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Home-based food businesses

 

If you’re a home-based food business, you need to meet the same food safety requirements as other food businesses—regardless of the size of your business or how often you sell food. 

Am I a home-based food business?

Home-based food businesses use their home (or someone else’s) to handle food for sale. This includes preparing food for local markets or school canteens, catering for events, B&Bs, farm-stay or childcare businesses and online food sales from home.

What are the requirements?

Home-based businesses must comply with relevant parts of the Food Standards Code, including:

Food safety officers can inspect home businesses to make sure these requirements are being met.

Getting started

  • before you start your business, you must notify your local council
  • if you change your business’s name, location or food activities you need to tell your local council before these changes are made

Food safety skills & knowledge

  • everyone in your business who handles food must know how to keep it safe to eat
  • you or someone in your business may need formal training e.g. a certified food safety supervisor – check with your local council

Premises design

Your premises should be designed and fitted out to handle food safely and avoid contamination.

Make sure you have:

  • a layout and enough space for people to work without contaminating food (e.g. to keep raw and cooked foods separate and to keep waste away from food)
  • convenient hand wash basin/s with warm running water, soap and single-use towels – if you use this sink for other things (e.g. washing dishes or a laundry sink) you will need written approval from your local council
  • fridges that are big enough and powerful enough to keep food at 5oC or colder (and frozen food frozen hard)
  • enough storage to protect food and packaging
  • floors, walls and benches that can be easily cleaned
  • a supply of drinking-quality water and good light and ventilation
  • a system to safely store and dispose of waste.

Check with your local council for advice and to make sure you are set up correctly.

Top food safety tips for home-based businesses:

Prevent contamination

  • protect food at all times during storage, processing, transport and display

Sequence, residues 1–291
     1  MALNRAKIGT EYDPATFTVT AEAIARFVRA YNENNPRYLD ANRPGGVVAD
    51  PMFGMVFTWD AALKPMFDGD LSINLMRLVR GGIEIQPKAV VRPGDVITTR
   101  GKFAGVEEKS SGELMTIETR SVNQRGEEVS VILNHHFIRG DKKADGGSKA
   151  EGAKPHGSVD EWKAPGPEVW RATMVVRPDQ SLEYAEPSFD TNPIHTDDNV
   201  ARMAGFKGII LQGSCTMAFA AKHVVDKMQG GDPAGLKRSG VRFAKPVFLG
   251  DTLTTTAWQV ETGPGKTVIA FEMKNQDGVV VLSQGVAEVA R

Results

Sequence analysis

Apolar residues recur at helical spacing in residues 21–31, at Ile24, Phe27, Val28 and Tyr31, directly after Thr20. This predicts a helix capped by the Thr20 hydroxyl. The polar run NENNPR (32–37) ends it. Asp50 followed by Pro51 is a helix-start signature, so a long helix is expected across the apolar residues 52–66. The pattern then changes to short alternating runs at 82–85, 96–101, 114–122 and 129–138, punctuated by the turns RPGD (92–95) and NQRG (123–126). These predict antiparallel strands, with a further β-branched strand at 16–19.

• thoroughly wash and dry hands before handling food: use warm running water and soap – scrub wrists, palms, backs of hands, between fingers and under nails, and then dry hands using single-use towels
  • do not handle food if you are ill
  • keep raw foods separate from ready-to-eat foods – e.g. use different cutting boards, store raw food below ready-to-eat food
  • protect food from pets, children and visitors, sick people, waste, chemicals, pests and dirt

Cleaning and sanitising

  • keep the premises clear of rubbish, food waste, dirt and grease
  • keep food contact surfaces like benches, utensils and containers clean and sanitary
  • clean before you sanitise
  • sanitise using bleach, a commercial food-safe sanitiser or a dishwasher on longest hottest cycle

Food traceability

  • keep records of your ingredients and suppliers, and businesses you’ve sold to
  • if you are a food manufacturer, wholesale supplier or importer, have a written recall plan and follow it if a recall is needed

Safe food temperatures & processing

  • potentially hazardous foods (like those containing meat, egg and dairy) need to be kept cold (at 5oC or colder) or kept hot (at 60oC or hotter) during receipt, storage, display (or hot holding) and transport
  • prepare food quickly to minimise time out of the fridge (e.g. when making sandwiches)
  • cook food to safe temperatures (e.g. 75oC for poultry and minced meat)
  • cool cooked food quickly to store in the fridge (e.g. by dividing into smaller portions in the fridge) – within required timeframes
  • check temperatures with a food thermometer
  • know the critical limits for safety (e.g. acidity, water activity) for processes you use

 

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